I’ve written a far amount of science-fiction both in novel form and in articles. But this idea may be closer than you think. Within the area of genetic engineering and the advent of supercomputers, the merger of man and machine isn’t that far off. We have mapped the brain and its functions. We’ve delved into which areas control which parts of our bodies. With that information, we can stimulate certain portions by using electrodes to re-energize previously lost vision, hearing, and even some forgotten memories.
On the other spectrum, we are making quantum leaps in the power of computers. We have flash drives that are the size of packs of gum that contain 4 gigabytes of memory. A few years ago, the largest computers only held one gigabyte. We can input human behavior and recreate those processes as virtual actions on the screen. We can teach the computer to behave as humanly possible by entering all the conditions that we, as humans, face, ala The Sims and various warfare games.
Therefore, consider this possibility. A few decades from now, your body is deteriorating, although your mind is sharp. Before you can’t sustain yourself any longer, your entire thoughts and memories are entered into a computer and duplicated. There is sits, dormant and ready. Once you pass on, it’s activated and you now reside inside a computer’s hard drive. You just have two senses, hearing and seeing. But this supercomputer connects to cams throughout the world. Depending on your reactions and mental attitudes, you can use whichever one you want to “see” what is available. Some have sound and allow you to hear what goes on. But your body has long since left you in this new world of little interaction. Assuming you deposited enough money in an interest-bearing account to fund and perpetuate this existence for all eternity, or until computers cease to exist, would you want to continue on in this fashion?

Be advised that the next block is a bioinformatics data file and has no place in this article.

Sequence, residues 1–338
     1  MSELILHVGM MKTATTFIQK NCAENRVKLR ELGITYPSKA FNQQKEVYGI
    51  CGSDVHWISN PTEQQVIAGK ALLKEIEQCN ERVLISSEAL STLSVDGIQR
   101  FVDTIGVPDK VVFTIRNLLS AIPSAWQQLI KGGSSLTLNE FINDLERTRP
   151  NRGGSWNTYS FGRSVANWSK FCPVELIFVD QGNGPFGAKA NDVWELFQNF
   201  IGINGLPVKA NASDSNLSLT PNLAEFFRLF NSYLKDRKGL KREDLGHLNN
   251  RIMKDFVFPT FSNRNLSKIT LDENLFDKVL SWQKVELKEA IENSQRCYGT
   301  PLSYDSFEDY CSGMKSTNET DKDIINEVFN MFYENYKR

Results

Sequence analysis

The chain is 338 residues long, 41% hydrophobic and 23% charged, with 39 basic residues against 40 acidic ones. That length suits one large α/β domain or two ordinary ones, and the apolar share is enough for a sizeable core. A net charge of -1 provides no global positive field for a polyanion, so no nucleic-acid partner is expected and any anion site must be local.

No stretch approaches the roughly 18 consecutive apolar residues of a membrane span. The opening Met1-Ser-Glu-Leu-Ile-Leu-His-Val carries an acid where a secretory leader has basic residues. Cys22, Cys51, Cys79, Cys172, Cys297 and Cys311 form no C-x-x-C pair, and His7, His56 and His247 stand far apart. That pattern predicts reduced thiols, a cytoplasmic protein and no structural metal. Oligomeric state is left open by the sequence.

There are many religious questions I won’t go into. For instance, what happened to the soul or spirit at the moment of actual death? Because you have no emotions and can’t feel as a human could, is it still you, or just a virtual copy? Does it really matter if your life continues in some other form or another? You can’t really get bored, hungry or sleep in this new realm. You have a “caretaker” that you might eventually be able to communicate with and they could change your patterns of viewing for you. Otherwise, you’ll have few choices. But you will get to see the world unfold for an untold number of centuries, with all it’s marvels and interesting developments.
At some distant point, where perhaps you no longer wish to see the earth go down a particular path, like into a devastating world war, could you opt for death? Could you tell your operator to remove your present and past memory chip, virtually killing you? These are some questions for the future. Back to the present one. What if you could live forever? Is that something that appeals to the base instinct or is one lifetime ever enough? Would you even want to live without feelings, both good and bad? And finally, what is life? Can living inside a computer remotely be called living? Think about it and while you do, remind me to ask the I-Mac I'm typing on, that same question. And I’ll write a follow-up piece if I get an answer.
Jeffrey Hauser was a sales consultant for the Bell System Yellow Pages for nearly 25 years. He graduated from Pratt Institute with a BFA in Advertising and has a Master's Degree in teaching. He had his own advertising agency in Scottsdale, Arizona and ran a consulting and design firm, ABC Advertising. He has authored 6 books and a novel, “Pursuit of the Phoenix. " His latest book is, “Inside the Yellow Pages" which can be seen at his website, http://www.poweradbook.com Currently, he is the Marketing Director for http://www.thenurseschoice.com a Health Information and Doctor Referral site.